The results of a multibillion-dollar federal auction scheduled for October, which will make funding available for broadband deployment in underserved census blocks across the country, could also shape the district's future. The district has endorsed a bid by Tilson, a communications infrastructure firm based in Portland, Maine, in that competition. The outcome is not expected to be known until early next year.
The consultants considered an array of possible auction outcomes, deeming a Tilson victory — or the victory of an incumbent provider that is willing to partner with the district — as the most beneficial for the district.
The Bennington County district eventually will need to submit a completed feasibility study to the Vermont Department of Public Service to access funding to develop a business plan. The consultants recommended not submitting the study for review until the district solidifies plans for a partnership or merger and the auction results become known.
That wouldn't substantially delay the development of the network because of the need to understand the auction results — and because "the winter's not a great time for construction," said Carole Moore, chief executive officer of ValleyNet.
"I really don't want it to feel like a setback," said Kelley, of RISI. "This should feel like a clarification, and it should be arming you with the information you need to make sure this is done right and is successful."
Tim Scoggins, the district's board chair, said it was "entirely reasonable to assume that a worldwide pandemic can affect your timeline," a point echoed by Kelley.
"There's a reason why this stuff is hard to do in rural areas across the country, which is why the gap in service between rural and urban areas is so great," Kelley said. "What you all are doing is not easy in a normal circumstance, and it certainly is not easy now."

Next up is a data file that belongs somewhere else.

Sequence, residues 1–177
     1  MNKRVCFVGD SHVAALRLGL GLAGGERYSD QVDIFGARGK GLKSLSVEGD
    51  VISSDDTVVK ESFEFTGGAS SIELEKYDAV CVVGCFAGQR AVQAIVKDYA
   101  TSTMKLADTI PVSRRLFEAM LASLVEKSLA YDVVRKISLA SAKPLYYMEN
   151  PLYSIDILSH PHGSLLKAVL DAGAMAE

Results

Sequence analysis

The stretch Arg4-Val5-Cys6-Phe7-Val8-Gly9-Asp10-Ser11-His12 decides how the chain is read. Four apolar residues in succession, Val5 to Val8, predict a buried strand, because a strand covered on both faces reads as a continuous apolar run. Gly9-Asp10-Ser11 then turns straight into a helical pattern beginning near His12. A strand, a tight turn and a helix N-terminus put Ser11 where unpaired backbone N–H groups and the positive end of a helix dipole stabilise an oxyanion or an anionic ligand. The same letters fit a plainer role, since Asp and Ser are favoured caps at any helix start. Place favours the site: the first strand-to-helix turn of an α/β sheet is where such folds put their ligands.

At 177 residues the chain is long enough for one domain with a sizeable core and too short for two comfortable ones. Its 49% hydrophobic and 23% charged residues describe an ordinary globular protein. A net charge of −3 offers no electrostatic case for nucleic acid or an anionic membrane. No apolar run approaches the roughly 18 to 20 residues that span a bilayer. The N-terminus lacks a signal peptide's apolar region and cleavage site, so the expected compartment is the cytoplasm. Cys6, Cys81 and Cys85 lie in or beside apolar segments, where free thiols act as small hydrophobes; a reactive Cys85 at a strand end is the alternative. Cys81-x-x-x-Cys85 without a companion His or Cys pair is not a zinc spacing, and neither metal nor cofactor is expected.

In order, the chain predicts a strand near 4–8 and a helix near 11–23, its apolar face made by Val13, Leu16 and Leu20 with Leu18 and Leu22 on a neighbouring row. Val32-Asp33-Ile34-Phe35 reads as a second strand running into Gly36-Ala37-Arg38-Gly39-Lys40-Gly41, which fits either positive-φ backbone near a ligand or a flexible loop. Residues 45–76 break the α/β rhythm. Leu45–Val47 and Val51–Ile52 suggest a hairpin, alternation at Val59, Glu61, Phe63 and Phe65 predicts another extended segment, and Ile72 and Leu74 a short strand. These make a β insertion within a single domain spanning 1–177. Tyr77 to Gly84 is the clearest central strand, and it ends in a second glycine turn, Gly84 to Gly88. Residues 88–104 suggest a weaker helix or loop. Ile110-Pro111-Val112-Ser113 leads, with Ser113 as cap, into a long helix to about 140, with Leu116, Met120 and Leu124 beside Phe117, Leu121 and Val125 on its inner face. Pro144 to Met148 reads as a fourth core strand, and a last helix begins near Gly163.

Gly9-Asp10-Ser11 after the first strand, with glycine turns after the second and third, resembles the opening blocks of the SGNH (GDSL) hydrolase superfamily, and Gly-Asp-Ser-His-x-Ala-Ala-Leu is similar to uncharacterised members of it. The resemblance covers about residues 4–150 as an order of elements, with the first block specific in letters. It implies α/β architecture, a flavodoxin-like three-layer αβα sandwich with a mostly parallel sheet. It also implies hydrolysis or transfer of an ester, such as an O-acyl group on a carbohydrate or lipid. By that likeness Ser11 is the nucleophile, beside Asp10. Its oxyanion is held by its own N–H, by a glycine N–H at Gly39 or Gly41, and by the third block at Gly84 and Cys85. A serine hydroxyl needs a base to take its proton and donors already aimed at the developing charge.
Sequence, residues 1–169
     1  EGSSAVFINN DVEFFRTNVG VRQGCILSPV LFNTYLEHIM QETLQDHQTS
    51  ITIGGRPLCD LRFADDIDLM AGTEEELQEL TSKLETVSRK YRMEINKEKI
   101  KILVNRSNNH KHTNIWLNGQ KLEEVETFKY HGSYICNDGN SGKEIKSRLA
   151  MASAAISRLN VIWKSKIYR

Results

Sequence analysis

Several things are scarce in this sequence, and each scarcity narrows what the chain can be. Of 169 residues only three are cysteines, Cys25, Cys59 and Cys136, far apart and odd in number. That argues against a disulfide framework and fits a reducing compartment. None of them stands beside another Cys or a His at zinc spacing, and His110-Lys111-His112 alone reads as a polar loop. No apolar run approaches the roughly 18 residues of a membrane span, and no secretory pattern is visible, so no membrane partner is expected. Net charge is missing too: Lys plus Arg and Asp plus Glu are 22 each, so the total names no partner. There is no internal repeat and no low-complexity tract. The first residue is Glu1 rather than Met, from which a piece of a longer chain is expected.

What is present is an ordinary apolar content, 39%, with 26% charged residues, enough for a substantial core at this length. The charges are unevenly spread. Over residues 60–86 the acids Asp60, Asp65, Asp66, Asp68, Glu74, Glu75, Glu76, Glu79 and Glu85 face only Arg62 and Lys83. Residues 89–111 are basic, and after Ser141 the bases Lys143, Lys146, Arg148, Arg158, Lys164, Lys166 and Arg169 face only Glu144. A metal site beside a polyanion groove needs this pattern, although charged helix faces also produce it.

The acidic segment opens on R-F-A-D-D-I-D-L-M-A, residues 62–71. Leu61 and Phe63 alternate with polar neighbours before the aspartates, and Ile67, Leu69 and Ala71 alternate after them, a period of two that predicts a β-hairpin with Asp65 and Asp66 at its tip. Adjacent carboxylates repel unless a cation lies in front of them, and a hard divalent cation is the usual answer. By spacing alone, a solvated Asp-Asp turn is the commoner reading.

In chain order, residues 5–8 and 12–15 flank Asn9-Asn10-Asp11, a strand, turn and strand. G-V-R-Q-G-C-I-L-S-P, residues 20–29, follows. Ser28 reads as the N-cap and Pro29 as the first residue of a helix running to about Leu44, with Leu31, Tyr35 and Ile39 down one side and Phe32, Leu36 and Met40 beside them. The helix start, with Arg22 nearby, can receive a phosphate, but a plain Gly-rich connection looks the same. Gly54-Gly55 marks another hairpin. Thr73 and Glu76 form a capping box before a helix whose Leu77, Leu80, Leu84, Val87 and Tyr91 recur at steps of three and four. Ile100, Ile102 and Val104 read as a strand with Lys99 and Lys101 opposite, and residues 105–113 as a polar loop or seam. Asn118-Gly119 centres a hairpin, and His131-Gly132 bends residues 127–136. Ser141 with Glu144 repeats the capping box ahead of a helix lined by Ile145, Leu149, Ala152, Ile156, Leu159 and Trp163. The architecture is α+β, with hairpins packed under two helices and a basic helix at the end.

Although the Deerfield Valley district's own feasibility study indicated that its prospective broadband network would be viable without partnering with an adjacent district, a collaboration could help to mitigate its concerns about competition and construction cost fluctuations, according to Kelley. The Windham County district also has endorsed Tilson's bid in the federal auction, he said, so the neighboring districts will need to communicate anyway to prepare for the possibility of Tilson prevailing.
Conversations with Deerfield Valley, in fact, are already underway, according to Scoggins, who suggested a partnership with the entity "could all happen very naturally if Tilson wins."
An inquiry sent to the Deerfield Valley Communications Union District on Tuesday through its website about the possibility of partnering with its Bennington County counterpart didn't receive an immediate response.
The twelve towns currently represented in the Southern Vermont Communications Union District, which formed earlier this year, are Arlington, Bennington, Dorset, Landgrove, Manchester, Peru, Pownal, Rupert, Sandgate, Shaftsbury, Sunderland and Woodford.
Contact Luke Nathan at firstname.lastname@example.org.